Though we’ve previously driven a prototype, this was our first stint in the production car, which was primarily limited to the grounds of Northern California’s undulating Sonoma Raceway. But it only took a quick jaunt on a nearby back road to reveal that the Elantra N rides far more comfortably than the Veloster N, thanks to its newer platform and 2.8-inch longer wheelbase. While both cars offer similar levels of composure, the sedan’s firmest damper setting is comparable to the stubbier hatchback’s softest, which we’ve described as barely tolerable on less-than-perfect pavement. Unsurprisingly, the wheelbase stretch also translates to a more welcoming back seat with two full doors, nearly four additional inches of legroom, and a smidge more headroom under the sloping roofline. The attractive and supportive front seats that are shared with the hatchback also have been mounted 0.4 inch lower compared to lesser Elantras, making it easier to fit inside with a helmet on.
Despite its rather livable character, the Elantra N displays the rowdy playfulness that we’ve come to expect from the N subbrand. Though not as planted or talkative at speed as, say, a Honda Civic Type R, the Elantra N’s direct steering allows it to navigate a twisty racetrack with precision. Power out of a corner and the electronically controlled front differential limits understeer to a slight push and almost eliminates torque steer. The strong brakes are well matched to the car’s power, and the suspension has a reassuring balance, shrugging off Sonoma Raceway’s curbing yet maintaining solid body control through both fast sweepers and tighter hairpins.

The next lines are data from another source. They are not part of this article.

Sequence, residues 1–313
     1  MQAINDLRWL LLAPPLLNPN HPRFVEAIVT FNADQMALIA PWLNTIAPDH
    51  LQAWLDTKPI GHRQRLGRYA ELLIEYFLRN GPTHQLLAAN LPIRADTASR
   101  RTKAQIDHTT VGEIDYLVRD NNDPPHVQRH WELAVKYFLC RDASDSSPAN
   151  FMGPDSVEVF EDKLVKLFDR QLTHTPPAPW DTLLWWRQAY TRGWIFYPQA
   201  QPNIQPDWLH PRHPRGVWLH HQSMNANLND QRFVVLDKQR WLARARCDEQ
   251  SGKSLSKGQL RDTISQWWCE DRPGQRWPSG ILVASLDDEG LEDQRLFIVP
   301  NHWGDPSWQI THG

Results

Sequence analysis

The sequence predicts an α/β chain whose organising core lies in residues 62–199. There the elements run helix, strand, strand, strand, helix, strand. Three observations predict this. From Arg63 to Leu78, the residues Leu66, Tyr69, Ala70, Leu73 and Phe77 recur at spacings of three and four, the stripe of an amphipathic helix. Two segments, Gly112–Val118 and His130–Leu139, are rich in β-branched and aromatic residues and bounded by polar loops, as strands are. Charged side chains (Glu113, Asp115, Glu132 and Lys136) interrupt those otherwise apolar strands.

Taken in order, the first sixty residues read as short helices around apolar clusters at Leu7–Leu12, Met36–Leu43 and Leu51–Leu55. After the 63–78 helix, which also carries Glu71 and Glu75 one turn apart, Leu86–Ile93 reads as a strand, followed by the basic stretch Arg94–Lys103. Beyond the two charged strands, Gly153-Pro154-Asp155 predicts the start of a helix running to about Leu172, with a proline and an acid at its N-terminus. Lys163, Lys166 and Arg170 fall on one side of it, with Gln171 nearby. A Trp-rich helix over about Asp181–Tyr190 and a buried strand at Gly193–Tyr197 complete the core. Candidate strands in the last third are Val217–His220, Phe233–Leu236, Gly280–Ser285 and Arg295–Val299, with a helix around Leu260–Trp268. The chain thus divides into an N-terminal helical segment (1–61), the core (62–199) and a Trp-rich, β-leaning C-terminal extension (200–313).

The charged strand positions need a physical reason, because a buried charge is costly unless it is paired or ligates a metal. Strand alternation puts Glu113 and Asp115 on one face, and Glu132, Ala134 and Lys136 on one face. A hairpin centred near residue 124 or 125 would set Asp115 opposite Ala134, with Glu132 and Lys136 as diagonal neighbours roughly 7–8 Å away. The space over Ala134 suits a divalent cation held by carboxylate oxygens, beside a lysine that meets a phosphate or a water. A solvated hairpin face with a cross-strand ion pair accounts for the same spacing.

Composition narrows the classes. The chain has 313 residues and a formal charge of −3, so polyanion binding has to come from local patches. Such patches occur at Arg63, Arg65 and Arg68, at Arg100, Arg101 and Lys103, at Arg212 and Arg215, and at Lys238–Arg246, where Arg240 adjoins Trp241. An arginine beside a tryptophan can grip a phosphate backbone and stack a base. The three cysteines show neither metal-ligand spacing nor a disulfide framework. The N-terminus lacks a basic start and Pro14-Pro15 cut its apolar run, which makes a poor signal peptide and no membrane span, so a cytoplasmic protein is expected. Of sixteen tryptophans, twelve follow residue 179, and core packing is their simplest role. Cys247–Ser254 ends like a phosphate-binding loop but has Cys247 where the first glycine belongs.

The Elantra N obediently tucks into line around corners when you let off the gas, and the intervention of its three-stage stability control is fairly lenient in its more aggressive settings. The real entertainment comes in surges as you wind the engine to redline and fill the cabin with sound, from the brap of the exhaust to its augmentation through the stereo speakers. There’s even an equalizer function for tailoring the soundtrack’s volume and tone. While the automatic is surely the quicker setup—despite the additional mass it brings versus the manual—working the six-speed stick and well-positioned pedals is far more satisfying, especially with the manual’s no-lift shift feature. As with the Veloster N, the manual transmission also is the more efficient setup, earning an EPA-estimated 25 mpg combined to the dual-clutch’s 23 mpg.
Hyundai is still coy about pricing ahead of the Elantra N’s on-sale date later this year. But we expect a base price in the low-$30,000 range, which will include an array of active safety features, the updated 10.3-inch digital gauge cluster and touchscreen interfaces, and a sunroof on cars equipped with the automatic. Aside from paint color and transmission choice, there are no options. Hyundai makes a point to emphasize entertainment over outright performance with its current N lineup, and it shows. The addition of a better-riding and more spacious sedan variant makes that fun factor even easier to enjoy.